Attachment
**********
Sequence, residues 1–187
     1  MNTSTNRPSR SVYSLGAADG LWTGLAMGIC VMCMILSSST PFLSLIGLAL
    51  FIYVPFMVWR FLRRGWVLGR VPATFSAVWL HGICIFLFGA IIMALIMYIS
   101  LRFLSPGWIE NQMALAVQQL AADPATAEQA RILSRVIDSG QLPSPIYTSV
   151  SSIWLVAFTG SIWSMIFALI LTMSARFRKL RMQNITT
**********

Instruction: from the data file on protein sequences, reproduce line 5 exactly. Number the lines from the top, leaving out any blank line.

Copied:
   151  SSIWLVAFTG SIWSMIFALI LTMSARFRKL RMQNITT